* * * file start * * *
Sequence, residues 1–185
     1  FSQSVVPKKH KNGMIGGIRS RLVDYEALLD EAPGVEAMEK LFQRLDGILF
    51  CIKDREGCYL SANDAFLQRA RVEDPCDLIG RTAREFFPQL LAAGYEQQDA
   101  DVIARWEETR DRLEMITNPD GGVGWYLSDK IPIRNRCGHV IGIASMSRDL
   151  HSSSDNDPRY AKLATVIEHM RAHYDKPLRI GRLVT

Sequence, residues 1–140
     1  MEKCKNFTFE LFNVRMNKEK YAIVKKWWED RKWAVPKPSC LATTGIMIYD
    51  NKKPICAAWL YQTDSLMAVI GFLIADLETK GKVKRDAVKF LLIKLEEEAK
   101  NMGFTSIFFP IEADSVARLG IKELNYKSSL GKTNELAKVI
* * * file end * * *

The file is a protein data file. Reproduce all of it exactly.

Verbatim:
Sequence, residues 1–185
     1  FSQSVVPKKH KNGMIGGIRS RLVDYEALLD EAPGVEAMEK LFQRLDGILF
    51  CIKDREGCYL SANDAFLQRA RVEDPCDLIG RTAREFFPQL LAAGYEQQDA
   101  DVIARWEETR DRLEMITNPD GGVGWYLSDK IPIRNRCGHV IGIASMSRDL
   151  HSSSDNDPRY AKLATVIEHM RAHYDKPLRI GRLVT

Sequence, residues 1–140
     1  MEKCKNFTFE LFNVRMNKEK YAIVKKWWED RKWAVPKPSC LATTGIMIYD
    51  NKKPICAAWL YQTDSLMAVI GFLIADLETK GKVKRDAVKF LLIKLEEEAK
   101  NMGFTSIFFP IEADSVARLG IKELNYKSSL GKTNELAKVI